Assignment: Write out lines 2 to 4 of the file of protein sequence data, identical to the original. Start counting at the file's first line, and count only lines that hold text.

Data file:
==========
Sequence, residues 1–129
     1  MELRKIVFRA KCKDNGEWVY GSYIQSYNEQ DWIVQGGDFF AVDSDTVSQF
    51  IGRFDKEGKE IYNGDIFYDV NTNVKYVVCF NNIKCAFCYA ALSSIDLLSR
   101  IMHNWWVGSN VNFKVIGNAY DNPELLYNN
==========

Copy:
     1  MELRKIVFRA KCKDNGEWVY GSYIQSYNEQ DWIVQGGDFF AVDSDTVSQF
    51  IGRFDKEGKE IYNGDIFYDV NTNVKYVVCF NNIKCAFCYA ALSSIDLLSR
   101  IMHNWWVGSN VNFKVIGNAY DNPELLYNN